Youth violence is a significant public health problem, resulting in almost 5000 deaths (3rd leading cause of death among youth 14-24) and over 450,000 ED visits a year. This study had two aims: 1) To develop and pilot test the feasibility and acceptability of an integrated, theory-supported remote therapy intervention (SafERteens BI + Remote Health Coach) with at-risk youth (14-20 years old) seeking Emergency Department care and screening positive for recent alcohol use and violent behaviors; and 2) To expand on our prior brief intervention work to develop and pilot test the feasibility and acceptability of an 8-session remote therapy intervention that combined motivational interviewing, cognitive behavioral therapy and care management with youth (14-24 years old) seeking Emergency Department care and screening positive for an assault injury and drug use.
For aim 1, youth (age 14-20) seeking care in the ED were approached for recruitment; those screening positive for past 2-month alcohol use and violent aggression (with peers or dating partners) were enrolled in the open pilot. For aim 2, youth (age 14-24) with assault injuries were approached in the ED; those screening positive for past 6-month drug use were enrolled in the open pilot.
In both aims, the open pilot consisted of an ED-based therapy session plus 8 sessions of Remote Therapy Intervention (RTI), which combined elements of motivational interviewing and cognitive behavioral therapy for substance use/violence (e.g., refusal skills, conflict resolution, anger management). For the aim #2 intervention, youth also received strengths-based care management to actively link youth with community resources (active linkage beyond simply providing resources). The sessions were delivered in-person by a therapist during the ED visit (~35 min) and remotely (e.g., phone) in the 12 weeks following the ED visit. Computerized assessments were completed at baseline, ~weekly prior to therapy sessions, and at a 4-month follow-up. Results were analyzed descriptively and with paired tests (baseline, follow-up).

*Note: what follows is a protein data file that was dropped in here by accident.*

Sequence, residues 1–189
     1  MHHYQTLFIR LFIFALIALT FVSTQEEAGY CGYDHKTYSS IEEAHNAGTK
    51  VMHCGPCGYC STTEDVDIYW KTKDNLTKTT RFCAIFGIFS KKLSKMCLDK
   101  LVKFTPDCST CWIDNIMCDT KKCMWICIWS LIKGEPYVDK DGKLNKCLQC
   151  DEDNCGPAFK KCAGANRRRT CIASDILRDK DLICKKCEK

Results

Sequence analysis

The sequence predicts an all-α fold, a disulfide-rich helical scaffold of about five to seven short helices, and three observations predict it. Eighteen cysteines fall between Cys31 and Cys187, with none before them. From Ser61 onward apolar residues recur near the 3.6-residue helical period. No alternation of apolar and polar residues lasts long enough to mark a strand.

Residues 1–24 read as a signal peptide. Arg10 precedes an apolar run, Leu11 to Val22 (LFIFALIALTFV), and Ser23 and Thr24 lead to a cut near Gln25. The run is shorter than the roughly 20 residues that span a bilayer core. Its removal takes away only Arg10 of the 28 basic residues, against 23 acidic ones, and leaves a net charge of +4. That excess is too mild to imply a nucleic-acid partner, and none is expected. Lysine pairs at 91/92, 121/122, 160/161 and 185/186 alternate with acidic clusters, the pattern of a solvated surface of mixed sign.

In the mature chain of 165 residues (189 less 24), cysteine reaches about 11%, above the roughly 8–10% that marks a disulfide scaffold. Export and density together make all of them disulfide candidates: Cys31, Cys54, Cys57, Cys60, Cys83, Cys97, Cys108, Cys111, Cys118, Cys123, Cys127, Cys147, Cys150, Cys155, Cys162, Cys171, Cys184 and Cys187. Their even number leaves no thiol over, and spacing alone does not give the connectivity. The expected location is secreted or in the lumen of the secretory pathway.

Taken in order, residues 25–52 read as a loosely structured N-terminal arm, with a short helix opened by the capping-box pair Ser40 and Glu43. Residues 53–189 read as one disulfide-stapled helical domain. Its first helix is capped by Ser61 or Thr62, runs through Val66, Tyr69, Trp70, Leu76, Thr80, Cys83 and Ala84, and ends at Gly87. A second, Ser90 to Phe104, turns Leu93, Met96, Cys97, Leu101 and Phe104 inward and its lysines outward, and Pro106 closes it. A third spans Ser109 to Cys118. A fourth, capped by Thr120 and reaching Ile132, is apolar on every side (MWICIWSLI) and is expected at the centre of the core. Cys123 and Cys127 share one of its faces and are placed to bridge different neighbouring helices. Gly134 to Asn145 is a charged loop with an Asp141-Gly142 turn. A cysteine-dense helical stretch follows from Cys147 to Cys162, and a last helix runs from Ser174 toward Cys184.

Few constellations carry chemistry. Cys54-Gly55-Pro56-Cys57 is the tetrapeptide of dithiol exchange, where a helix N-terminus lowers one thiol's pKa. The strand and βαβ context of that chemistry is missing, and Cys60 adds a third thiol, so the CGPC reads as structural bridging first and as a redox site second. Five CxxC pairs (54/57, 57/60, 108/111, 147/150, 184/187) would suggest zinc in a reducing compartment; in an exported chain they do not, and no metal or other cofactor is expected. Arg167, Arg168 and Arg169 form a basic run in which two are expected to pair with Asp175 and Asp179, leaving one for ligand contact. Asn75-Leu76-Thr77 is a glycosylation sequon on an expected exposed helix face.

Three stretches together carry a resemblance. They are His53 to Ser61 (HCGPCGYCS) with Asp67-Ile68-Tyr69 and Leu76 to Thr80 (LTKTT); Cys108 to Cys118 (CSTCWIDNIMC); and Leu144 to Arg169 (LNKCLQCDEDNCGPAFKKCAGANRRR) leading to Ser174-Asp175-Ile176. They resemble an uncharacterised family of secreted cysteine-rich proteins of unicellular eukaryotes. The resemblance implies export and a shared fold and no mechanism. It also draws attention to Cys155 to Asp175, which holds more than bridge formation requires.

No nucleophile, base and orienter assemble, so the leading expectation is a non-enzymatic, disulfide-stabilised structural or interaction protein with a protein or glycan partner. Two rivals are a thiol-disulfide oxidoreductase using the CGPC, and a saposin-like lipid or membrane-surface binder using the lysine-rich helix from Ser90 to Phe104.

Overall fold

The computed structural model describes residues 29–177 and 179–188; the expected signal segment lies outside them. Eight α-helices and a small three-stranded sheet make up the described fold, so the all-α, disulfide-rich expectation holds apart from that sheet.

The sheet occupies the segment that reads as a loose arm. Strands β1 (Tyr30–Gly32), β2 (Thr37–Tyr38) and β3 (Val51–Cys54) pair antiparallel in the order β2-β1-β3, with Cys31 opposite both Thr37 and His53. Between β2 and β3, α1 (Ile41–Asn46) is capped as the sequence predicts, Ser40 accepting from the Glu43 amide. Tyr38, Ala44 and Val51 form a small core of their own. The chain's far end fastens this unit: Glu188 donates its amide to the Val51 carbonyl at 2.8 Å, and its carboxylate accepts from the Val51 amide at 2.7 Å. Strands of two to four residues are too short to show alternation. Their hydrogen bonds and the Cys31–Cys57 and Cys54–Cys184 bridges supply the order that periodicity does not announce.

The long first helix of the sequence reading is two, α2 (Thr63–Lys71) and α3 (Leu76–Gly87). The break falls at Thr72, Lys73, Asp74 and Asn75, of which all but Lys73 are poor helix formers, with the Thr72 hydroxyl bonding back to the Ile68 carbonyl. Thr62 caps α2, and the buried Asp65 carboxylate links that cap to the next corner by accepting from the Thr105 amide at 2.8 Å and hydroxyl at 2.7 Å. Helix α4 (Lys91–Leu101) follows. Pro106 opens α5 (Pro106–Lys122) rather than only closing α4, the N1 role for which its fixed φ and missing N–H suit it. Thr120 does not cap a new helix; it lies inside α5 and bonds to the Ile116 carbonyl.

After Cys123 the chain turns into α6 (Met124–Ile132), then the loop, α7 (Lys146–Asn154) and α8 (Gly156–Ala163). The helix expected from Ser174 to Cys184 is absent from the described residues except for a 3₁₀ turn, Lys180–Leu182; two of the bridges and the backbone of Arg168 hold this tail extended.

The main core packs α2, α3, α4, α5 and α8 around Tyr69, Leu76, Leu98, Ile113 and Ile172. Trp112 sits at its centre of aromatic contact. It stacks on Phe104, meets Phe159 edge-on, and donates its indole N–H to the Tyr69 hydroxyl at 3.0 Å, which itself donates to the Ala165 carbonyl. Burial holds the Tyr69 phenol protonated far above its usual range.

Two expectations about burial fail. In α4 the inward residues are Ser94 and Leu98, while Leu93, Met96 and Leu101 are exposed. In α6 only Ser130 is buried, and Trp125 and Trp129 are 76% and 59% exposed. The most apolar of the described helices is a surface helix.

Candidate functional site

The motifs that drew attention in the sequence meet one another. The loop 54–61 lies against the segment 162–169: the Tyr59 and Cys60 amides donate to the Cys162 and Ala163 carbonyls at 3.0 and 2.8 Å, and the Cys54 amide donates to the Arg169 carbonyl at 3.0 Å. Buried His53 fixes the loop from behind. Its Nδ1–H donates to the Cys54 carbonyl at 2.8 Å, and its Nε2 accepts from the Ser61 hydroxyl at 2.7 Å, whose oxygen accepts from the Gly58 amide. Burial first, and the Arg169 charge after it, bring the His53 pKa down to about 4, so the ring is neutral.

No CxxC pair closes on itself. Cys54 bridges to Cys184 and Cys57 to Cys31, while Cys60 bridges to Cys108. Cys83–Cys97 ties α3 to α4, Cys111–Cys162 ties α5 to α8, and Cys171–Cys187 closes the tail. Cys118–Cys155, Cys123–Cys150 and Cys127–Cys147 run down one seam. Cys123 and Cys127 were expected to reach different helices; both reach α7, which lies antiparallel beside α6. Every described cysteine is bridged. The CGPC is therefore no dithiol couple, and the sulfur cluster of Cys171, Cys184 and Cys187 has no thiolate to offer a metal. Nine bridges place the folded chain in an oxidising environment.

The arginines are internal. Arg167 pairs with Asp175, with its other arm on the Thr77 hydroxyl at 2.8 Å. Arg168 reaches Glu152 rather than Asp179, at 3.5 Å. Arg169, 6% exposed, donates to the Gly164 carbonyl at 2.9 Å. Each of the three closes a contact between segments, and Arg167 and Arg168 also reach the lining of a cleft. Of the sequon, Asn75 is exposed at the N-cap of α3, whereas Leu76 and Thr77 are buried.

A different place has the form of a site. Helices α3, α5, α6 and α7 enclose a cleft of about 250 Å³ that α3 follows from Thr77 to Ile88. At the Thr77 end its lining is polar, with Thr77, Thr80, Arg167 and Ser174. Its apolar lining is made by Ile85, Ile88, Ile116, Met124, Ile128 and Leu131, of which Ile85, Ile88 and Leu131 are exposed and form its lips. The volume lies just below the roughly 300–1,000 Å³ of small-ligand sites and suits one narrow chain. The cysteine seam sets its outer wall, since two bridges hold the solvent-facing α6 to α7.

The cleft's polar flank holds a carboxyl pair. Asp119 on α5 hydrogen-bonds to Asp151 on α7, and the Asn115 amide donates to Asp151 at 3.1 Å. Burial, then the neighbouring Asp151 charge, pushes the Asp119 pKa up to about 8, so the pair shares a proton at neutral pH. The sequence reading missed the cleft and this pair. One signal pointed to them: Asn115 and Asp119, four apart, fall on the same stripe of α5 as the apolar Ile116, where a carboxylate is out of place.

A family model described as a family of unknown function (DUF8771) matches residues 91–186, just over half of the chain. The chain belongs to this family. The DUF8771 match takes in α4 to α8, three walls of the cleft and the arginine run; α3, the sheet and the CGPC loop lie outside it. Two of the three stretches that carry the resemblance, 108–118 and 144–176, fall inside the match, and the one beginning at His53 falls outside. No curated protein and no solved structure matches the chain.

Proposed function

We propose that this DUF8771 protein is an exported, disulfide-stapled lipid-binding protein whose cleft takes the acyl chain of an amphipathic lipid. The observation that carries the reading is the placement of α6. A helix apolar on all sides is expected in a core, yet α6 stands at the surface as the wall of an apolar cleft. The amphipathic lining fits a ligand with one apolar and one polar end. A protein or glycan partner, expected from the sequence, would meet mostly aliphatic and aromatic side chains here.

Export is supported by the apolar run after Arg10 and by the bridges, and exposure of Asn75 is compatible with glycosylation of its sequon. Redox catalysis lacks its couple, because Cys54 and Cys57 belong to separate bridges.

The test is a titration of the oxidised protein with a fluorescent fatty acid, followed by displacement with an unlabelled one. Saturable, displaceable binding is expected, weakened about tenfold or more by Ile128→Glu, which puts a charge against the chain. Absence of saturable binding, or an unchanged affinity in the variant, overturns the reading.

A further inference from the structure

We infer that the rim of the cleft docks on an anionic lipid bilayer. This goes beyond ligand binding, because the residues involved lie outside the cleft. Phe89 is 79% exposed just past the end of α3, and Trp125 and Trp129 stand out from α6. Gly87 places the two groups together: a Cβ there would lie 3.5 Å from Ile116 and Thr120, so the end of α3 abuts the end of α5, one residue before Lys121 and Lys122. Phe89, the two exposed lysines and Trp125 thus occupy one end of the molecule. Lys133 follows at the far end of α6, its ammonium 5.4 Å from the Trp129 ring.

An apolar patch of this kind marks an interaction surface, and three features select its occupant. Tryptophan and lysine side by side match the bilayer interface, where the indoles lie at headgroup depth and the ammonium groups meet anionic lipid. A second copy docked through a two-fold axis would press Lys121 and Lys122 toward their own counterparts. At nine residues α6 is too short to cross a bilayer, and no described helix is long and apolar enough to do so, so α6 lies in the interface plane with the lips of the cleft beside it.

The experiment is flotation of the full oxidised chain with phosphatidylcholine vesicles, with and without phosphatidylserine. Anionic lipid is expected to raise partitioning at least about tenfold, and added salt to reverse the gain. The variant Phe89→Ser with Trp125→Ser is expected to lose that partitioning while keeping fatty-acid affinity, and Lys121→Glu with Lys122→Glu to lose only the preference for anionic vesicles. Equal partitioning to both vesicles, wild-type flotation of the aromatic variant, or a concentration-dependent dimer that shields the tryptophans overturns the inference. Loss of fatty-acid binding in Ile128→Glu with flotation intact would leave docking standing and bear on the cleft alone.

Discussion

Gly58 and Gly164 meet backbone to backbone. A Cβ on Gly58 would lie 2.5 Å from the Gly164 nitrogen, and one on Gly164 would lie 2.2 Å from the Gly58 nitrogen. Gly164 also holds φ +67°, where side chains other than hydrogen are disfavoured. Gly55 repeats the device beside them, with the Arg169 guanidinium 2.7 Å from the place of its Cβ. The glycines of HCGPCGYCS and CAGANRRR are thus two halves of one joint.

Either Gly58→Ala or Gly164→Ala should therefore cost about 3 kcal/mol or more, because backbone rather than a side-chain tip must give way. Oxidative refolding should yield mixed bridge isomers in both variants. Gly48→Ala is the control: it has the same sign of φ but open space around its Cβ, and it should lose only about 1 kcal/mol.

For aim 1, 16 youth participated [M age=18.8; 31% male; 50% African-American; 75% public assistance]. Although >90% rated the sessions as very/extremely helpful, 50% completed >5 sessions and 75% completed the follow-up. Paired analyses showed a significant decrease in aggression, victimization, alcohol consequences, and violence consequences; although not significant, use of alcohol also decreased from 100% to 40% in this condition.
For aim 2, 20 youth were enrolled in the open pilot trial [M age=21; 55% female; 60% African-American; 70% public assistance; 90% past 2-month marijuana use]. The RTI was found to be acceptable and feasible, with 91% enrollment of eligible youth, 100% of enrolled youth completing the in-person ED session, 65% completing ≥5 remote sessions, and >80% completing the 4-month follow-up. Participants rated therapy sessions highly, with 80% reporting that it was very/extremely helpful to have post ED phone sessions. Pre-post comparisons demonstrated a decrease in violence prevalence (p<0.01) and a trend, but not significance, towards decreased frequency of drug use (3.2±2.0 vs. 2.7±2.4; NS), violence (4.8±4.1 vs. 2.9±6.1; NS), and violence consequences (1.6±1.8 vs. 0.9±1.5, NS).
Multi-session interventions for drug/alcohol use and violence delivered remotely are acceptable and feasible. Based on these initial findings, further study in fully powered randomized control trials is warranted to determine the efficacy of both RTIs for their respective patient populations (i.e., at-risk youth; assault-injured drug using youth).
Assistant Professor, Emergency Medicine, University of Michigan